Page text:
The Poison Arrows are from Chicago IL USA and are
Patrick Morris (ex Don Caballero): basses, loops
Adam Reach: drum kit, percussion, piano on “Tranquil Eyes”
Justin Sinkovich (ex Atombombpocketknife, Thumbnail): guitar, keyboards, vocals, drum machines, percussion
Brian Case: (90 Day Men, Disappears, Ponys) additional vocals on “Interpretive Hunter” and “Steely Justice”
Eric Chaleff: (Bloodiest, Follows, Sterling) additional guitars on “Tranquil Eyes”
Mia Clarke: (Electrelane, Follows) additional vocals on “Popular Look”
Pall Jenkins: (Black Heart Procession, Three Mile Pilot) additional vocals on “Unveiled in Sequence”
Tony Lazzara: (Bloodiest, Follows, Sterling) additional guitar on “Unveiled In Sequence,” a drum kit on “Popular Look”
Basic tracks recorded at Electrical Audio Studio A by Greg Norman
Overdub recordings by Justin Sinkovich at The Plaza
Mixing by Justin Sinkovich
Mix and production navigation by Tony Lazzara
Final mixes and editing by Greg Norman and Justin Sinkovich at The Plaza and Greg Studio Greg
Mastering by Roger Siebel at SAE Mastering
A mere fifteen months after the release of their acclaimed debut LP First Class, and Forever (May of 2009, File Thirteen Records), Chicago’s The Poison Arrows follow up with a more ambitious sophomore album Newfound Resolutions. Even at over 70 minutes, this second album was completed in a fraction of the time of their first album thanks to their growing experience as a band, and real-world thematic inspirations. Let’s face it, the past year or two have been challenging for most. Members of Chicago’s The Poison Arrows are no exception enduring a number of unthinkable dramas better interpreted within the album’s lyric liner notes rather than explained here. So Patrick Morris, Adam Reach, and Justin Sinkovich did what most friends do in such dire circumstances, they sat around listening to records and talked it all out. There also happened to be a recording studio in the basement full of instruments where they expeditiously wrote and demo’ed their new album.
As The Poison Arrows did with First Class, and Forever, the band then went into Steve Albini’s Electrical Audio Studio A with engineer Greg Norman to record the basic tracks. Album two was then overdubbed at Justin’s basement studio The Plaza where a series of close friends also contributed guest appearances. It was then mixed at Justin’s house and Greg Norman’s home studio.
Some songs on Newfound Resolutions include up to four bass guitars and three drum sets, yet the album is far cleaner and more live sounding than the first. Patrick Morris’s now-signature bass playing is more unorthodox, intricate, and inspiring than ever. Adam’s thunderous drumming is something to behold, performance-wise even beyond the last album, and captured so well by Greg and Electrical Audio that not a single effect or EQ was used on the drums. Justin’s keyboard’s and guitars are his most abstract, melodic, complex, and well constructed. Lyrically each song addresses past drama or the process of reconstituting normalcy. Every track was completed as a chapter in an overarching tale of lives falling apart, then reconstruction, then reflection, and finally a vow to move forward, thus the album’s title Newfound Resolutions. Fittingly Sinkovich’s vocal delivery tells the story more broadly than before ranging from his more typical cold, swaggered, surly, Baudelaire-inspired recitations like on “Interpretive Hunter” to a new more fragile spaced surrealist despair as heard on the opening track “Flawed Acumen.”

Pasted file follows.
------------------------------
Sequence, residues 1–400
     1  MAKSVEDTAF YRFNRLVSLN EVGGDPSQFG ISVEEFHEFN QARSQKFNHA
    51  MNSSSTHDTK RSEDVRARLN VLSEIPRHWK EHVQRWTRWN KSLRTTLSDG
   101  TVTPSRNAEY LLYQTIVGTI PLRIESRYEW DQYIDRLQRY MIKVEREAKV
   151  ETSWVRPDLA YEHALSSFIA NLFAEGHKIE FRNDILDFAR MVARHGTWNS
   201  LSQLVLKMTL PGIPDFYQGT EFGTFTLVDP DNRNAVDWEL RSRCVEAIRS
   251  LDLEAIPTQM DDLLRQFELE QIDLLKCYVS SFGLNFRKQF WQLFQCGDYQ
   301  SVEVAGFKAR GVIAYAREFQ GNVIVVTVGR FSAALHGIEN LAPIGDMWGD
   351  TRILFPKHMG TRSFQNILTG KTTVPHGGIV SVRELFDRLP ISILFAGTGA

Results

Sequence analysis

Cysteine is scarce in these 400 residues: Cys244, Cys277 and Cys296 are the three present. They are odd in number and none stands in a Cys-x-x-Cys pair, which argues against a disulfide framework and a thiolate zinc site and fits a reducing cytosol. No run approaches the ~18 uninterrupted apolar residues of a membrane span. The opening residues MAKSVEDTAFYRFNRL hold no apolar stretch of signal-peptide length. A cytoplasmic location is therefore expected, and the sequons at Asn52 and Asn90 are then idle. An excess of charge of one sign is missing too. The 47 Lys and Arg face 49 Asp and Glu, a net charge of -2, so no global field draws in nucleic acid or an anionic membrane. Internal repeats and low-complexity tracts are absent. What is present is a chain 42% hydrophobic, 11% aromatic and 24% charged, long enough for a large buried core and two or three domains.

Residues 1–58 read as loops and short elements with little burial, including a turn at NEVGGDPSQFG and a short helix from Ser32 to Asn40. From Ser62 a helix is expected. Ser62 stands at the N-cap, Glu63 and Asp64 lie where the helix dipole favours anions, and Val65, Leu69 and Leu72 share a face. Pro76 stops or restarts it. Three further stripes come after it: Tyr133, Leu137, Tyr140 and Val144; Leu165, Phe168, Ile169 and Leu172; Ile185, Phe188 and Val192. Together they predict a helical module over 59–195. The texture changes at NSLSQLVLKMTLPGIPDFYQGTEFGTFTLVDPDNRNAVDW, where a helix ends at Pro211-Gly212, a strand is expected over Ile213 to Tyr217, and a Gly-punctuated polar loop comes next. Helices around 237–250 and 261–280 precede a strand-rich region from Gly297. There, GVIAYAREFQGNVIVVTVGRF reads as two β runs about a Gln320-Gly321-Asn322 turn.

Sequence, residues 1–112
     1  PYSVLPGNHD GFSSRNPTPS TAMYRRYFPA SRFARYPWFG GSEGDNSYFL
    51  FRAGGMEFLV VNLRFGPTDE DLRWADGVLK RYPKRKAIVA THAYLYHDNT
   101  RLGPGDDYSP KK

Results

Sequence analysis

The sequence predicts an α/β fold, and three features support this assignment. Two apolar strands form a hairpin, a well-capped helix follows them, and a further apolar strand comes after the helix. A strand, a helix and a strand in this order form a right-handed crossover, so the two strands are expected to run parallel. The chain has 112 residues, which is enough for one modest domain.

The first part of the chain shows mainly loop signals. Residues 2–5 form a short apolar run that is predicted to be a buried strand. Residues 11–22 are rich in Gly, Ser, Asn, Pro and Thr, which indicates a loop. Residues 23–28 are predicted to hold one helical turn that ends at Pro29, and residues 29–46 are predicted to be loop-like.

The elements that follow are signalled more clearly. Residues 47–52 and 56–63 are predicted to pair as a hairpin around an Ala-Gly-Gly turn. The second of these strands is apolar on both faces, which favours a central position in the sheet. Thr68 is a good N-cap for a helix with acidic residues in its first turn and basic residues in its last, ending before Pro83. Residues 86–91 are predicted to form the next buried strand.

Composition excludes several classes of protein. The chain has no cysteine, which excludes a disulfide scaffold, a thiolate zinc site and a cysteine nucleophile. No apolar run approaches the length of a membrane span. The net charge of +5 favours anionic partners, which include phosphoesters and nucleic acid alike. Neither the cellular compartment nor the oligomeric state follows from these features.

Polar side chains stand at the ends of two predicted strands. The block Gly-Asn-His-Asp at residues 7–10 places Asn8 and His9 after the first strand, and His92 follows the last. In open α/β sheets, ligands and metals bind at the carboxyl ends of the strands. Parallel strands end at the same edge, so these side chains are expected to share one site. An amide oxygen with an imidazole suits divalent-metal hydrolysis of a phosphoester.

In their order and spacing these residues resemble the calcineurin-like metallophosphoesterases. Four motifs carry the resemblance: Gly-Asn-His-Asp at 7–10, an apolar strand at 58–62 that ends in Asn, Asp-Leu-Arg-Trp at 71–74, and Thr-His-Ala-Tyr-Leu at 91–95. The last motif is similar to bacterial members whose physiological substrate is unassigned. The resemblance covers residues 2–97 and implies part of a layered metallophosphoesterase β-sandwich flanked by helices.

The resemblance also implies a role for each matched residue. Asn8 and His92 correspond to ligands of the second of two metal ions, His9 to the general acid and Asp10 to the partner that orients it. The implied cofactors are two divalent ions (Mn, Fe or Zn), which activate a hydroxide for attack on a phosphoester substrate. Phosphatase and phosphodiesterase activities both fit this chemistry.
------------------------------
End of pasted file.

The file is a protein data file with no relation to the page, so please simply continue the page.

The Poison Arrows have now played with the likes of Battles, Boris, Bellini, Black Heart Procession, Holy Fuck, Polvo, Department of Eagles, Enon, Thalia Zedek, Born Ruffians, All the Saints, Cadence Weapon, Dianogah, Shipping News, Cursive, Young Widows, Night Marchers, Grand Duchy, Bottomless Pit, Retribution Gospel Choir, and many more.
The band has also been featured in dozens of publications worldwide including Alarm, Blender, Chicago Tribune, Chicago Reader, Consequence of Sound, Rcrdlbl, Time Out Chicago, Sonic Dice, XLR8R, Prefix, Washington Post, and Leo Weekly.
Alarm Magazine (feature) - “Fired with the snap of exceptional musicianship and raw emotion.”
Blender Magazine (feature) - “One of ‘Ten Hot Artists’, chosen by the editors of Blender Magazine.”
Chicago Reader (feature) – “You have to ask yourself why they would want to move toward the light when they do darkness so well.”
Prefix (album review) - “First Class, and Forever combines all of what made Trans-Europe Express and Songs About Fucking classics without sacrificing anything, be it ethics, art, or lifestyle. It’s a virtually flawless album that accomplishes all its goals… if you’re a music nerd who likes smart rock ‘n’ roll that doesn’t cater to trends, this album is essential.”
Time Out Chicago (album review)† “The Arrows encompass everything that was great about their previous acts: an intricate, propulsive rhythm section; challenging yet immediate melodies adventurously wrangled out of the muscular flexing; and, when it comes to disheveling song structure, a fuck-it attitude.”